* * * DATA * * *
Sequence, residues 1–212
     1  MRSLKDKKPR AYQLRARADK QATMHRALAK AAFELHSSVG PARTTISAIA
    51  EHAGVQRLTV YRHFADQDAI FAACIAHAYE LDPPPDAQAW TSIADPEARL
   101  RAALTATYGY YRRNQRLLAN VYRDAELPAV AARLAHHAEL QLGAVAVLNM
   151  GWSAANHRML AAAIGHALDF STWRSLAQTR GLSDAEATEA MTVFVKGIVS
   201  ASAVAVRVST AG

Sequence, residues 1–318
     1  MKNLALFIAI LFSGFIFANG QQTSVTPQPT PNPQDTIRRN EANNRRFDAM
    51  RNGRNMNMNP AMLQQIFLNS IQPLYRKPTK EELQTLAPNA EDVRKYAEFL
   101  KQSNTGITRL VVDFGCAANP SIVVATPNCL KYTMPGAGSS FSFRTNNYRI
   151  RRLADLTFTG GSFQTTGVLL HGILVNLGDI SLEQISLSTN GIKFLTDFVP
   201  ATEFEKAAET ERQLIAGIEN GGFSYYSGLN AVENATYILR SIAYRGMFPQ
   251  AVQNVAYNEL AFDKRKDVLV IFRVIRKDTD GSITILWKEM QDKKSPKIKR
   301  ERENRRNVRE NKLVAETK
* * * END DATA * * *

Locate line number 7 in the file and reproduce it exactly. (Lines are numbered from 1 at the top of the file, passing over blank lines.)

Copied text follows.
Sequence, residues 1–318